While coughs, colds and seasonal allergies have always been a retail health category, this recession has bolstered the workplace channel for messaging and products.
BigResearch‘s Workplace Media group has found that 85% of working consumers are concerned about this year’s flue and cold season. Two-thirds of workers planned to get a flu shot. And, 9 in 10 workers would likely welcome and use an offer for flu/cold products delivered through the workplace.
The H1N1 virus drives most working consumers to take extra precautions this cold/flu season.
Other key findings are that:
  • 3/4 of employers will offer flu prevention tips to employees this season
  • 1/4 of employers will offer products to prevent and treat flus and colds
  • More hand sanitizers and anti-bacterial cleaning supplies are showing up in office settings
  • Employers are looking for ways to educate employees like informational brochures and posters for the breakroom.
2009/2010 Cough, Cold & Flu Season in the Workplace Research Findings report is based on research among 898 U.S. adults conducted in September 2009.
Health Populi’s Hot Points: These data suggest a useful continuum-of-care when it comes to cold/flu prevention in the workplace, beginning with prevention messages communicated in posters (think: “wash your hands”), to workplace-provided hand sanitizers and treatment remedies (e.g., perhaps coupons for OTC products, links to local pharmacies).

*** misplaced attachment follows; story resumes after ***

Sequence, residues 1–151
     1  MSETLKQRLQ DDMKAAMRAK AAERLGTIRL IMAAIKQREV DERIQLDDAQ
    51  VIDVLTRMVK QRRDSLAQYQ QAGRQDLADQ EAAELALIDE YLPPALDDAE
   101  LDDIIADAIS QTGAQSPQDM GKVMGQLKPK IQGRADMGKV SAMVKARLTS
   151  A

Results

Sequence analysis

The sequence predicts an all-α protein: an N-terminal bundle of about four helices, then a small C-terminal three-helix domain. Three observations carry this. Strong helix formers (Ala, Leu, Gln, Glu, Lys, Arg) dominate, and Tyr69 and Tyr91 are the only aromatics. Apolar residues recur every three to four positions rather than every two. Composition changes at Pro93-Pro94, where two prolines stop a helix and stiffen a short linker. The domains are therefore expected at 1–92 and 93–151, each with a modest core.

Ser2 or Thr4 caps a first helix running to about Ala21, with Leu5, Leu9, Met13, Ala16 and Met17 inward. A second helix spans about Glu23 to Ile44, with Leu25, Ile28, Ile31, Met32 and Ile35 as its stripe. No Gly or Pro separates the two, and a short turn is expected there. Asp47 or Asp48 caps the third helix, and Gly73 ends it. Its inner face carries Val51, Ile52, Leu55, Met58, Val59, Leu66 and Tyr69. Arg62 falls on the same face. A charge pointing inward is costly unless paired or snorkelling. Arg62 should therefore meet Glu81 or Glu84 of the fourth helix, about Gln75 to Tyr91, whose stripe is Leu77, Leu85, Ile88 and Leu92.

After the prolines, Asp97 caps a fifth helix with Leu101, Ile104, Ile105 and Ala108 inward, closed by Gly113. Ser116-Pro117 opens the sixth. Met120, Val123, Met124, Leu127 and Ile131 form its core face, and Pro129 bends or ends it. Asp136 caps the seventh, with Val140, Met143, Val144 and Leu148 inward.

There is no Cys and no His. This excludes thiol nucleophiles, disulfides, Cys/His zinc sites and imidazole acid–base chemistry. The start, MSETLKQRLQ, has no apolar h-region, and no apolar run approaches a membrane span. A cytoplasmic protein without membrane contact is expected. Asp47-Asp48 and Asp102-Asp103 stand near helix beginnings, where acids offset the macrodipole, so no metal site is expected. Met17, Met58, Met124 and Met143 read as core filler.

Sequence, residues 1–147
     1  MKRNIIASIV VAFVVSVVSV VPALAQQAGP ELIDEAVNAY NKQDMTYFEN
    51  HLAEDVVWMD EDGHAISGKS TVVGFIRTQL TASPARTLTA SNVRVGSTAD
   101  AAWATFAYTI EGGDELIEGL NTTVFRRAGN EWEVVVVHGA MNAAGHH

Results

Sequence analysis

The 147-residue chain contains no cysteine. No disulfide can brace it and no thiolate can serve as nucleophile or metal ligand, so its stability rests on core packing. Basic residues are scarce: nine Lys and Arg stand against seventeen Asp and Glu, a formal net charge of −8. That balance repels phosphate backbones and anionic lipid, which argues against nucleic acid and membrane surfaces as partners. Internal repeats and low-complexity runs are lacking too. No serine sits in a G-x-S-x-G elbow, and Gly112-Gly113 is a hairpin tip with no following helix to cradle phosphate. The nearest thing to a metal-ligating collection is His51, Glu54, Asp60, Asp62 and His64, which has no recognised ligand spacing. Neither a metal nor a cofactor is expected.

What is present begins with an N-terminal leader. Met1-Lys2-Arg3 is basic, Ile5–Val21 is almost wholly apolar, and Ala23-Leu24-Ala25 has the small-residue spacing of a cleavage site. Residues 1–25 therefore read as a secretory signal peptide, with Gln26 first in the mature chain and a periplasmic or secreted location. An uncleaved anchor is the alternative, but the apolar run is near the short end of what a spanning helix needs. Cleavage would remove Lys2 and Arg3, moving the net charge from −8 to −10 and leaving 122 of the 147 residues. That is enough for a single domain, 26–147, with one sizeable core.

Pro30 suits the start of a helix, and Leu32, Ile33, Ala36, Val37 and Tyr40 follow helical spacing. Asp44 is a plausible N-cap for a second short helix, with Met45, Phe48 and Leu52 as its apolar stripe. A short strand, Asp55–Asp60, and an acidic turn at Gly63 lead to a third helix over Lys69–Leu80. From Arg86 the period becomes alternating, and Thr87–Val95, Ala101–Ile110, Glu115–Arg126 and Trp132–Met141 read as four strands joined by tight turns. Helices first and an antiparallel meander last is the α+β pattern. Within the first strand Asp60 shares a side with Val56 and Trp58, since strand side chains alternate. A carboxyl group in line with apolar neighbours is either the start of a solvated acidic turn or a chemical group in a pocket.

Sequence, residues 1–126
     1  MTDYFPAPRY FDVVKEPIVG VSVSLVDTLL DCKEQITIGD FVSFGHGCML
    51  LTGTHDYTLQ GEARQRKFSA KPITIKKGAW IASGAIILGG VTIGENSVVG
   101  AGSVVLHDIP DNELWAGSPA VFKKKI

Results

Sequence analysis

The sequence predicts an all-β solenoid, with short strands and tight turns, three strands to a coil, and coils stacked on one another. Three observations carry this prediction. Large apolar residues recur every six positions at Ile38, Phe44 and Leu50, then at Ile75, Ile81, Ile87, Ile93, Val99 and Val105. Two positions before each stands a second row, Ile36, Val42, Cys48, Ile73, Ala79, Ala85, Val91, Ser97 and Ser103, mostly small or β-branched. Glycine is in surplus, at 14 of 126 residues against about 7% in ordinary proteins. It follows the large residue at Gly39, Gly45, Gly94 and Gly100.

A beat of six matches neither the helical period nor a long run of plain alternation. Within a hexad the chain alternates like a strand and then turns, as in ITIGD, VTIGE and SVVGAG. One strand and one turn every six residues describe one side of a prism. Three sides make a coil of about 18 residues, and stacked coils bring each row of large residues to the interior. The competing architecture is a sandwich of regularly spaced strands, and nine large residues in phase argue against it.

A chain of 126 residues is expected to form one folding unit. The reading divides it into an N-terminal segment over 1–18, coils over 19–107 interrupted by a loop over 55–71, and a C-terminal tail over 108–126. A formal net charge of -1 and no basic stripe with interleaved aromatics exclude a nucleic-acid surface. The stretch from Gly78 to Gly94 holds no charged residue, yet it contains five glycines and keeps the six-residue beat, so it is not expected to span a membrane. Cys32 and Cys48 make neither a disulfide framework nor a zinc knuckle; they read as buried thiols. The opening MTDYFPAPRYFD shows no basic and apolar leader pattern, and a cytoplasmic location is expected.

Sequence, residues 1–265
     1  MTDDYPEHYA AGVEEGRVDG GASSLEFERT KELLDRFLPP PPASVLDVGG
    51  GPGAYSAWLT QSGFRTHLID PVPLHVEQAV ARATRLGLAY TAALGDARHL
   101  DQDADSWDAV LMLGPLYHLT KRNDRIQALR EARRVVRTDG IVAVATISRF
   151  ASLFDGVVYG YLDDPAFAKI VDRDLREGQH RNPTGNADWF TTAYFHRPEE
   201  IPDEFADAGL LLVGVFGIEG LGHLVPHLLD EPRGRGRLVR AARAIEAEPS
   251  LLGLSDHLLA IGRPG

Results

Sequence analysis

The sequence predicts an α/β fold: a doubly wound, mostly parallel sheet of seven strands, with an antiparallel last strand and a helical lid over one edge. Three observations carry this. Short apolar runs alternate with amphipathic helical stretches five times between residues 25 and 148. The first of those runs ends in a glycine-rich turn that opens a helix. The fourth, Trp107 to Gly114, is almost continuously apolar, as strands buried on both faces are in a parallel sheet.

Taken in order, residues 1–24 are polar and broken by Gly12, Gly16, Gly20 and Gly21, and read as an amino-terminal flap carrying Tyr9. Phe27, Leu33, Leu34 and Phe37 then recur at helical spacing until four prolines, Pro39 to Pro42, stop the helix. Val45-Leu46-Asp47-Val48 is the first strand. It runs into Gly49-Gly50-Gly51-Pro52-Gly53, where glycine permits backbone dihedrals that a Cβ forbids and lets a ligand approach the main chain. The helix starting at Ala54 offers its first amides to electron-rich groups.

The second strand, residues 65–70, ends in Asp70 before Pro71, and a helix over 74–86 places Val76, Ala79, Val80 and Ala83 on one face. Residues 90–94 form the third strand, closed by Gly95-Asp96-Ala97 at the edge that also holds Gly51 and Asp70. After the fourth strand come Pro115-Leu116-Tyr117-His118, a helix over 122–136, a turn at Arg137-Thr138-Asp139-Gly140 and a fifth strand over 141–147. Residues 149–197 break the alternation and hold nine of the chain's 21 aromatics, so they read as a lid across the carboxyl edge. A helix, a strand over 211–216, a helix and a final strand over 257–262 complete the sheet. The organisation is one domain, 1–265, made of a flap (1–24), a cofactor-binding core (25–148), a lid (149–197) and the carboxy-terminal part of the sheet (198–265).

Workplace Media sees that recession is driving workers to spend more on flu/cold remedies this year given workers’ concerns for job security. The Consumer Intentions and Actions survey finds that, while American workers are more positive about the economy in general, their spending is on needs more than wants. OTCs for managing health fall into the ‘needs’ category.

The proof of this is in the data: spending on OTC cough/cold/flu meds was up in December 2009. Workers purchased 28% more cough medicine on a weekly basis in 12/09, and 20% more cold/flu meds weekly in December more frequently than the general U.S. population.

Coupling this evidence with the growth of worksite clinics solidifies the fact that the workplace is certainly a key locus for health.